They lined up early today. I can see them, though right now I’m a thousand miles away. An eagerness shines in their eyes as they clutch their purses and wallets and try to peer in the windows, lured by the siren call of Craigslist and the newspaper ad, though a privileged few were on the private list of the organizer. Estate Sale Time.
Today is the day when most of the material possessions that my parents amassed in their 60+ years together are being offered for sale. The four of us kids have already gone through and selected the few items that we couldn’t live without (and that would fit in our respective houses), but there was still so much left over. Until today.
I do not want to be there. I can’t bear hearing the sad groan from the table that has been in our family for as long as I can remember, or the surprised look of betrayal from the figurine that has sat on the entryway shelf for just as long, as they are hoisted by unfamiliar hands and loaded into a strange minivan or truck to be carted off by a gleeful bargain hunter who has no sense of the road we have traveled together. So, I left Corpus Christi three days ago, turning over the keys to the energetic silver-haired woman who, with her kind assistants, is running the sale for us.
I spent a final five days in the house before that. I slept in my mom’s bed, took naps on the uber-comfortable sofa that was my frequent landing spot when I visited home, wandered barefoot on the cool Saltillo tile that runs throughout the house. I admired the dark varnished wood of all the built-in shelves, marveled at the endless walk-in closets—seven of them! Mom’s pride and joy—and smiled affectionately as I surveyed the end of the living room that we sometimes called “The Helm.” This was the Command Center from which my parents, strapped into their recliners with matching remotes and twin telephones close at hand, spent their days—monitoring world affairs, coordinating medical appointments, checking on the troops, barking out crossword clues, and doing the daily Jumble. I continued my roaming, taking in all the desks, shelves, pictures, chairs, coffee tables, knickknacks, and piles of books that have furnished an entire wing of my life.
I’ve had a growing awareness over the past couple of visits that looking at certain objects instantly conjures a whole host of associations, a history, a feeling of strong familiarity. I belong here. That dresser—that’s a Kisling dresser. As I’ve awaited the advent of this day, I’ve wondered if there are certain aspects of myself and my history that are only accessible through these portals. Was I, in a sense, saying good-bye to parts of myself that I would no longer have means to reach?
Maybe so. I remember in college being weirded out by an intro to psychology class (I only lasted the first week). The bearded professor, a noted phenomenologist, put to us the idea that, if certain memories surface only in the presence of certain places and objects, might it perhaps be more appropriate to say that those memories are actually contained in the places and things, rather than inside of us?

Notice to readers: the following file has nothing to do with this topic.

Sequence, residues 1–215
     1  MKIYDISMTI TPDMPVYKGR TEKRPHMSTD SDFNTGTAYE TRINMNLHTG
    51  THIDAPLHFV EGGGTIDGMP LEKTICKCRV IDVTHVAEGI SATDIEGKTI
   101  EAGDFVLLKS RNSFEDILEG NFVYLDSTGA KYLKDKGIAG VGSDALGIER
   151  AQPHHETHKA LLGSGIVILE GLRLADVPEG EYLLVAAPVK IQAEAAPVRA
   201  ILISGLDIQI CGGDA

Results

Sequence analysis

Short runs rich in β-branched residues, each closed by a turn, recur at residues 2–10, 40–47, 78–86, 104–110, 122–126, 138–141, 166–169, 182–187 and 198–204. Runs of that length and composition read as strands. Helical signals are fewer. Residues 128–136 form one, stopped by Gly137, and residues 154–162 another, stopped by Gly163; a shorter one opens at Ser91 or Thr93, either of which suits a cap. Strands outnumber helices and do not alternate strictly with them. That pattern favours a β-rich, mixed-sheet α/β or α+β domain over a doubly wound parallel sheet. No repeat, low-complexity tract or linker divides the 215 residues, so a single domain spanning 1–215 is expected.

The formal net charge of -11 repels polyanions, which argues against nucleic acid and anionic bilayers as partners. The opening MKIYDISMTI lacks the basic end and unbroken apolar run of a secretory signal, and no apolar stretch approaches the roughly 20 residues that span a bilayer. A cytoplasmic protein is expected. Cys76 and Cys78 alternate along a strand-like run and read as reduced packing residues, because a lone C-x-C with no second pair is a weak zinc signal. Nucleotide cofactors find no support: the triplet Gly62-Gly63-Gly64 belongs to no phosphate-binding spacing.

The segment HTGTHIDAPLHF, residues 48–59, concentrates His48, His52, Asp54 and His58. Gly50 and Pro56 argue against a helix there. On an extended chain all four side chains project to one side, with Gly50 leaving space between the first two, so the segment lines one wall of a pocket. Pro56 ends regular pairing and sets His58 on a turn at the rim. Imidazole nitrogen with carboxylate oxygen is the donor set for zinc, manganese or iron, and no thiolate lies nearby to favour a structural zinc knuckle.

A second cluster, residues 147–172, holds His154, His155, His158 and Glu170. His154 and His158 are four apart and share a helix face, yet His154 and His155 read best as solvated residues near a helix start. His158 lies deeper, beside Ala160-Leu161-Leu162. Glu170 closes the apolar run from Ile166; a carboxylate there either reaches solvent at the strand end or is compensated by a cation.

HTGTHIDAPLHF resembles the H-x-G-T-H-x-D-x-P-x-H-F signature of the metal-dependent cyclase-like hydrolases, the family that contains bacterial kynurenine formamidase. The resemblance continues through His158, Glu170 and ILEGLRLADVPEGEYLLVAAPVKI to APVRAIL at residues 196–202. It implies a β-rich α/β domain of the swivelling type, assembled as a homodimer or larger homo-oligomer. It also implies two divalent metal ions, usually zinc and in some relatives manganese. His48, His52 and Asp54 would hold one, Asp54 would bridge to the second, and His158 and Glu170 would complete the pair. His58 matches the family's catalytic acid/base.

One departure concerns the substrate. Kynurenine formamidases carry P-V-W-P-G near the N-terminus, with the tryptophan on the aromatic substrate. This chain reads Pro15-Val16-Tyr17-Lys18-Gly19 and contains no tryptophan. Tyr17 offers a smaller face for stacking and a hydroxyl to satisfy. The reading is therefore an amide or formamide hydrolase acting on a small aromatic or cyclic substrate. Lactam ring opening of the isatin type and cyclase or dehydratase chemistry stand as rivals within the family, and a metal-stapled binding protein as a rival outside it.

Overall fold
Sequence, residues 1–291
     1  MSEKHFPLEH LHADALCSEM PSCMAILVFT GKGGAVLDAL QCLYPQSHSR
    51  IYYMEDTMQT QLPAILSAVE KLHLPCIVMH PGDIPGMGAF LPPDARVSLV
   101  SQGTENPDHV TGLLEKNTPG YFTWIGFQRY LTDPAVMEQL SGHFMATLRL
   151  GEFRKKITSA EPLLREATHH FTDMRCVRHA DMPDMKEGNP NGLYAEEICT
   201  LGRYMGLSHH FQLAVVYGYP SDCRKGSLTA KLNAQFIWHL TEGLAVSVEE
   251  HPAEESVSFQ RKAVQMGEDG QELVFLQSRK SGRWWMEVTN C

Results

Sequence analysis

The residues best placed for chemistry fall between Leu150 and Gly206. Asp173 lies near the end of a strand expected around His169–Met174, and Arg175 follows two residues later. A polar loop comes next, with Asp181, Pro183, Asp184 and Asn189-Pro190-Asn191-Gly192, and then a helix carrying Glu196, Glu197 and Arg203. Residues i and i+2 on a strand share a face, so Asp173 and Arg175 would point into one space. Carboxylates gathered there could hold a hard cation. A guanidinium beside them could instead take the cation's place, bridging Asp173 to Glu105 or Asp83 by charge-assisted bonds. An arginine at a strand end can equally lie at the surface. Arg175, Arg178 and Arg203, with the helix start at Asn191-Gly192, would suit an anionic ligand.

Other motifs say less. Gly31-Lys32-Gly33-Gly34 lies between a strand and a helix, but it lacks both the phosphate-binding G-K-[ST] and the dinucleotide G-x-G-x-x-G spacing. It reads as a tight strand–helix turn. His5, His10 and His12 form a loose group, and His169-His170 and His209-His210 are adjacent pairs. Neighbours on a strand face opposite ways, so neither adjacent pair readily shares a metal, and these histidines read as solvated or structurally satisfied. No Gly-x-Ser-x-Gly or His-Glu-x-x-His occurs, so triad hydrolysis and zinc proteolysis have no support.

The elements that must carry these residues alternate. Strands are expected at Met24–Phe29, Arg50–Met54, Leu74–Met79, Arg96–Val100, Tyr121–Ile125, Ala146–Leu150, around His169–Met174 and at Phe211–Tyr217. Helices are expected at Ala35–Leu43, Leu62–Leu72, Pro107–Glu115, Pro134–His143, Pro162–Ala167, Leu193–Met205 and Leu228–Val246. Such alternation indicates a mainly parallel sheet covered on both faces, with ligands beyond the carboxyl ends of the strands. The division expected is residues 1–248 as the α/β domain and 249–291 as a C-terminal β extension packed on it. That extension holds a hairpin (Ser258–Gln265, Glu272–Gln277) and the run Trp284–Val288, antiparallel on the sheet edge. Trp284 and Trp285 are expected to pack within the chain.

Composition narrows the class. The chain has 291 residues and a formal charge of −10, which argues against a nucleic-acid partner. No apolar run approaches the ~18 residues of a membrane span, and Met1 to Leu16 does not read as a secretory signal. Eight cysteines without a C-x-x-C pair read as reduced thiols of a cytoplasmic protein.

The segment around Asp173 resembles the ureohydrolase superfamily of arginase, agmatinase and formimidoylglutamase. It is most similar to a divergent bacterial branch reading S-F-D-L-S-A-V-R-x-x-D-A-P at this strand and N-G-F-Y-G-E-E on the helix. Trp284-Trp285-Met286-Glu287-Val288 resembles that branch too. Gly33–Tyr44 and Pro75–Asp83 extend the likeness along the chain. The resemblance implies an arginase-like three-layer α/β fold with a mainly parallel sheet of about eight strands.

I get it now.
Of course, even if that’s true, I don’t know that it’s a bad thing. It’s just A Thing, which currently feels quite strange in its newness. To the extent that such shedding allows me to detach from material possessions and make room for new adventures and new memories, well, that can be quite a useful thing. Salvific, even. And I’m aware that this concern of mine is absolutely a First World problem. We as a family are letting go of Way More Stuff than most people on the planet ever accumulate in their entire lives. I in particular have had the luxury of more time to linger and say good-bye than many people get in similar situations. But, in spite of this knowledge of the privilege of my position, there have been tears—cleansing tears—and I have welcomed them.
One day, during this last visit, I sat at the dining table in my usual spot and had a conversation with Mom and Dad (well, with their chairs, anyway—which I pulled out slightly to give them room to sit down in the event they felt like stopping by). In our discussion, we acknowledged that those meal-times were not always easy; there was sometimes an edge of impatience, particularly in later years as Mom watched my increasingly infirm Dad fumble with his food, or as we raced through dinner to get done in time to tune in for the Sacred Weather Report. But they were our meal-times. They were as imperfect as the sum of their parts—us—but they are also precious to me because of that.
When I would visit my parents, I most often drove instead of flying. The night before I would leave for the return trek, I would give my folks an estimated departure time sometime the next morning. These estimates proved to be about as reliable as my predicted arrival times. The appointed hour would come and roll by, and I would still be puttering around, loading the car, making last sweeps for forgotten items. Finally, at some point, my Dad would call out from his armchair with mild exasperation, “Okay, Buddy. It’s time to hit the road.”
This past Monday morning, before heading to the airport (I had flown this time), I wandered through the house, taking it all in, watching the clock, occasionally checking UBER on my iPhone, wondering when I should press the button to summon the driver. And then, suddenly, I heard it—clearly, one more time: “Okay, Buddy. It’s time.”
I knew he was right. So, I placed my hand gently over my heart, allowed myself one last lingering glance, turned the lock on the inside of the knob, and with a whispered “Thank you” for all that it had meant to me, I stepped out and closed the door behind me.